900  971 Astronomy, Mathematics Abu Jafar alKhazin may have worked on both astronomy and number theory or there may have been two mathematicians both working around the same period, one working on astronomy and one on number theory. As far as this article is concerned we will assume that alKhazin worked on both topics. There seems no way of being certain which position is correct. AlKhazin's family were from Saba, a kingdom in southwestern Arabia, perhaps better known as Sheba from the biblical story of King Solomon and the Queen of Sheba. In the Fihrist, a tenth century survey of Islamic culture, he is described AlKhurasani which means that he came from Khurasan in eastern Iran. The Buyid dynasty, ruling in western Iran and Iraq, reach its peak around the time that alKhazin lived. It undertook public schemes such as building hospitals and dams, as well as patronising the arts and sciences. Rayy, situated southeast of present day Tehran, was one of the major cultural centres of the Buyid dynasty. Islamic writers described Rayy as:
AlKhazin was one of the scientists brought to the court in Rayy by the ruler of the Buyid dynasty, Adud adDawlah, who ruled from 949 to 983. We know that in 959/960 alKhazin was required by the vizier of Rayy, who was appointed by Adud adDawlah, to measure the obliquity of the ecliptic (the angle which the plane in which the sun appears to move makes with the equator of the earth). He is said to have made the measurement:
One of alKhazin's works Zij alSafa'ih (Tables of the disks of the astrolabe) was described by his successors as the best work in the field and they make many reference to it. The work describes some astronomical instruments, in particular it describes an astrolabe fitted with plates inscribed with tables and a commentary on the use of these. A copy of this instrument was made but vanished in Germany at the time of World War II. A photograph of this copy was taken and the article [5] examines this. AlKhazin wrote a commentary on Ptolemy's Almagest which was criticised by alBiruni for being too verbose. Only one fragment of this commentary has survived and a translation of it is given in [6]. The fragment which has survived contains a discussion by alKhazin of Ptolemy's argument that the universe is spherical. Ptolemy wrote [6]:
AlKhazin gives 19 propositions relating to this statement by Ptolemy. The most interesting results show, with a very ingenious proof, that an equilateral triangle has a greater area than any isosceles or scalene triangle with the same perimeter. When he tries to generalise this result to polygons, however, alKhazin gives incorrect proofs. Other results among the 19 are based on propositions given by Archimedes in On the sphere and cylinder. The author of [6] argues that the ingenious results on triangles are unlikely to be due to alKhazin but are probably taken by him from some unknown source. The suggestion in [6] that alKhazin is a third rate mathematician is somewhat doubtful given his work on number theory but as we stated at the beginning of this article, it is possible that there were two mathematicians of the same name. The papers [4], [9] and [7] all look at this number theory work by alKhazin (see also [2] and [3]). The work of alKhazin which is described seems to have been motivated by work of a mathematician by the name of alKhujandi. AlKhujandi claimed to have proved that x^{3} + y^{3} = z^{3} is impossible for whole numbers x, y, z which of course is the n = 3 case of Fermat's Last Theorem. In a letter alKhazin wrote:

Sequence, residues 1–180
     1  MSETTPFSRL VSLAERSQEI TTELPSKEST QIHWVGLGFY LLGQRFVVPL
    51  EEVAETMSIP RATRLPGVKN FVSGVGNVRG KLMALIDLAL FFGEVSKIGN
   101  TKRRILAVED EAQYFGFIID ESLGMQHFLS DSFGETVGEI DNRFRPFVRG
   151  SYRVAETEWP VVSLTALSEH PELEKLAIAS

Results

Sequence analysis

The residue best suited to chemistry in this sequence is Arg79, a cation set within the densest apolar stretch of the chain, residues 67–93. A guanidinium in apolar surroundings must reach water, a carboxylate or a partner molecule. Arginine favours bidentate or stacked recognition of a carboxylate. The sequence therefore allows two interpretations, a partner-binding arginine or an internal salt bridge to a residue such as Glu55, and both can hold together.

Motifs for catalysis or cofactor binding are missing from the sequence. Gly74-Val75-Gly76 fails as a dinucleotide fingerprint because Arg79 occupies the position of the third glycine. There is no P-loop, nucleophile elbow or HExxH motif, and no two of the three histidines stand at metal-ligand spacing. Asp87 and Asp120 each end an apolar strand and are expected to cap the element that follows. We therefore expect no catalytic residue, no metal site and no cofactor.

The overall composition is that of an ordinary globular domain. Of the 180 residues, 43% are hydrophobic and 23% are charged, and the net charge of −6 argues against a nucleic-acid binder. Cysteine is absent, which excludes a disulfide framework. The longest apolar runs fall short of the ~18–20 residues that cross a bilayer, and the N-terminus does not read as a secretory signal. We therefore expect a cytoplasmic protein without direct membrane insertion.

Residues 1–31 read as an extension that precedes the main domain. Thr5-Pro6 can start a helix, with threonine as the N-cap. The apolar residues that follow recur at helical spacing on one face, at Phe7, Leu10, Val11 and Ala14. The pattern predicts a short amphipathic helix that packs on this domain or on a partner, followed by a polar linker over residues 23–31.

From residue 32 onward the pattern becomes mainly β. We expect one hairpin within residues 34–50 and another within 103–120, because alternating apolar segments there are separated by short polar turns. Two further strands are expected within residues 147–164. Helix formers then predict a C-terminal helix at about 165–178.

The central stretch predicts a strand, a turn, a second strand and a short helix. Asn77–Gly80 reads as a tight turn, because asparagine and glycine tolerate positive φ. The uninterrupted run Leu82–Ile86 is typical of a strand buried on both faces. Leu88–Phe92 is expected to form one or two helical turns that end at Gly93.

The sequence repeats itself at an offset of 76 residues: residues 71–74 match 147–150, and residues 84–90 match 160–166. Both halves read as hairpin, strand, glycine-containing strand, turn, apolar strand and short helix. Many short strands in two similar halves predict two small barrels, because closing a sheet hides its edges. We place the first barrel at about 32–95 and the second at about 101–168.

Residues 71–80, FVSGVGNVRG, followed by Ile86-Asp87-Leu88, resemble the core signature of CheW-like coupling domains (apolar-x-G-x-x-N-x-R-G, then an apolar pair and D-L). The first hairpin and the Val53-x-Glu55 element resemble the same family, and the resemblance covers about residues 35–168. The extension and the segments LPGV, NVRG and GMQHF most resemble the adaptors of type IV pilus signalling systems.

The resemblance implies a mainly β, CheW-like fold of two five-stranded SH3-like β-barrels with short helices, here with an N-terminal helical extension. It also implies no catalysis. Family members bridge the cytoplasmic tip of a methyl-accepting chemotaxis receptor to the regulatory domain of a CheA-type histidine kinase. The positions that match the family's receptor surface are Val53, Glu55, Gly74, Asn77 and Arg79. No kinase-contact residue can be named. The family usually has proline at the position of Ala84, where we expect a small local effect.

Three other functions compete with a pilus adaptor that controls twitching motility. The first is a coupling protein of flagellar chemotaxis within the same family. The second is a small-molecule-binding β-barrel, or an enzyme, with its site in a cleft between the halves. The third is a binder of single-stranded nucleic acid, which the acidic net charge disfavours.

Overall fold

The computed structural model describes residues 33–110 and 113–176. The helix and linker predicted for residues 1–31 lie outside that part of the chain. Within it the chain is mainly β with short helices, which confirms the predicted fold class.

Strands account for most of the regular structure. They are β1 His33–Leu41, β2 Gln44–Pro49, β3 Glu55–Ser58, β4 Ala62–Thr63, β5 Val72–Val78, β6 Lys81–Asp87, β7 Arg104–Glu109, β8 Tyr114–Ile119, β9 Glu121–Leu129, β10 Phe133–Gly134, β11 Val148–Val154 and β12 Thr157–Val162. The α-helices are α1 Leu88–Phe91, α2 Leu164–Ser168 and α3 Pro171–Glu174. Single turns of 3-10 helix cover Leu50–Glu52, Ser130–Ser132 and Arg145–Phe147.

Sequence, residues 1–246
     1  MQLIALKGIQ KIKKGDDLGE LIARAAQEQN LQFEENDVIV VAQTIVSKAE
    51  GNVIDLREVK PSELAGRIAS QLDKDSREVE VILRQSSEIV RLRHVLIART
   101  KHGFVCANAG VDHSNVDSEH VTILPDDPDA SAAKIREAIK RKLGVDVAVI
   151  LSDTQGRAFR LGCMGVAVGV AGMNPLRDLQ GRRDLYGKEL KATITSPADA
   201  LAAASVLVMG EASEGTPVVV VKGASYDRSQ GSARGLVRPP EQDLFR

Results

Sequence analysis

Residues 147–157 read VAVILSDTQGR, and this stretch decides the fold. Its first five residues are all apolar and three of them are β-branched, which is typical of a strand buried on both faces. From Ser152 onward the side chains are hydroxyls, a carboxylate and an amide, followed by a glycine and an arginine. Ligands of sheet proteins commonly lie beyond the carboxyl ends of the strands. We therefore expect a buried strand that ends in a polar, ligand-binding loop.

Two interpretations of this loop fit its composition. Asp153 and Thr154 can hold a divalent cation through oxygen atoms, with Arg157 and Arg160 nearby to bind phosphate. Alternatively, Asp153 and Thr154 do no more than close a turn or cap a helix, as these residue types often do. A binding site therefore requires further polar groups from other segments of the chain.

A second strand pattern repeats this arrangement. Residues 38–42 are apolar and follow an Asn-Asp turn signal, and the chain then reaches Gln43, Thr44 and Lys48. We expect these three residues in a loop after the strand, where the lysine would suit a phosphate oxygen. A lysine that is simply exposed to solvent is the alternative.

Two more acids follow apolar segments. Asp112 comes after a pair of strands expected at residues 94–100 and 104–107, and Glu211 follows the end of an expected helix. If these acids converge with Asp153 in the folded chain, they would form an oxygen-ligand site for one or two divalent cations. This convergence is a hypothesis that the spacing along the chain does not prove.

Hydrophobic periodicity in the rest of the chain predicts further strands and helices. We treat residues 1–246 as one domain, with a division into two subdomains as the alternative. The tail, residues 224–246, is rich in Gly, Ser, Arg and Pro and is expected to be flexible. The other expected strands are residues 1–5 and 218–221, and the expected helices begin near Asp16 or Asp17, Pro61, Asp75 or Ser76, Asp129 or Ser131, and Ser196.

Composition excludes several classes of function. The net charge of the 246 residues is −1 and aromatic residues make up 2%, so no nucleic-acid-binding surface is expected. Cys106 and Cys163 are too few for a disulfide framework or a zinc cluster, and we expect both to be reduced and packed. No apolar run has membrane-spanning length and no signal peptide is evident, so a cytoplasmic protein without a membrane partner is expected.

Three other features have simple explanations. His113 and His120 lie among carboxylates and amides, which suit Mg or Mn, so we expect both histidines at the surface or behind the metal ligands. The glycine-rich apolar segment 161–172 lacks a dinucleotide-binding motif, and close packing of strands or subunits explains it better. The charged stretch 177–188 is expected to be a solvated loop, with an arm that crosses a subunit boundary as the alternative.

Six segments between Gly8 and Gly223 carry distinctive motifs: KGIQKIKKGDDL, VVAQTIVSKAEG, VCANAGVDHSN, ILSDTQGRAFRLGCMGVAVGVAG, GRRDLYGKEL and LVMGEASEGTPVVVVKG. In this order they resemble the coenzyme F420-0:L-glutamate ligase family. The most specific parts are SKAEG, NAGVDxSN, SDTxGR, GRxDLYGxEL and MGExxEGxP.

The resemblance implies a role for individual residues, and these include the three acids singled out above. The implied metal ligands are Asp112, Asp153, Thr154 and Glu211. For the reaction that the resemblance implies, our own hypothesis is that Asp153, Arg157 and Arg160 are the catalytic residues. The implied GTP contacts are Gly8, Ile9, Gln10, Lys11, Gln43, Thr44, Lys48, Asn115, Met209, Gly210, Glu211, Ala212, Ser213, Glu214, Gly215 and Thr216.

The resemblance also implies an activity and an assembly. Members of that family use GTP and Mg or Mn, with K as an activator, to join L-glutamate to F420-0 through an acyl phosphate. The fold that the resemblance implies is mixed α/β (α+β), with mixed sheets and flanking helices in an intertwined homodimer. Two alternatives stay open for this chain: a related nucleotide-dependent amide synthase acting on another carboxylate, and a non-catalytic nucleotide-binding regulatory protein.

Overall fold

This seems to have motivated further correspondence on number theory between alKhazin and other Arabic mathematicians. Results by alKhazin here are interesting indeed. His main result is to:
In modern notation the problem is given a natural number a, find natural numbers x, y, z so that x^{2} + a = y^{2} and x^{2}  a = z^{2}. AlKhazin proves that the existence of x, y, z with these properties is equivalent to the existence of natural numbers u, v with a = 2uv, and u^{2} + v^{2} is a square (in fact u^{2} + v^{2} = x^{2}). The smallest example of a satisfying these conditions is 24 which alKhazin gives
He also gives a = 96 with
although, rather strangely, he seems to discount this case by another of his statements. Rashed suggests this may be because 96 = 2 48 = 2 6 8 and 6^{2} + 8^{2} = 10^{2}is not a primitive Pythagorean triple. There is a mystery which Rashed notes in [7] (also in [2] and [3]). This relates to the quote above by alKhazin regarding the false proof by alKhujandi of the impossibility of proving x^{3} + y^{3} = z^{3}. Rashed has discovered a manuscript which appears to be by alKhazin, yet contains exactly what he had attributed to alKhujandi. Although alKhazin could have realised the error in alKhujandi's proof and attempted a similar proof himself which he believed correct, there is no really satisfactory explanation of these facts. Finally we should mention that alKhazin proposed a different solar model from that of Ptolemy. Ptolemy had the sun moving in uniform circular motion about a centre which was not the earth. AlKhazin was unhappy with this model since he claimed that if this were the case then the apparent diameter of the sun would vary throughout the year and observation showed that this were not the case. Of course the apparent diameter of the sun does vary but by too small an amount to be observed by alKhazin. To get round this problem, alKhazin proposed a model in which the sun moved in a circle which was centred on the earth, but its motion was not uniform about the centre, rather it was uniform about another point (called the excentre).
Article by: J J O'Connor and E F Robertson July 1999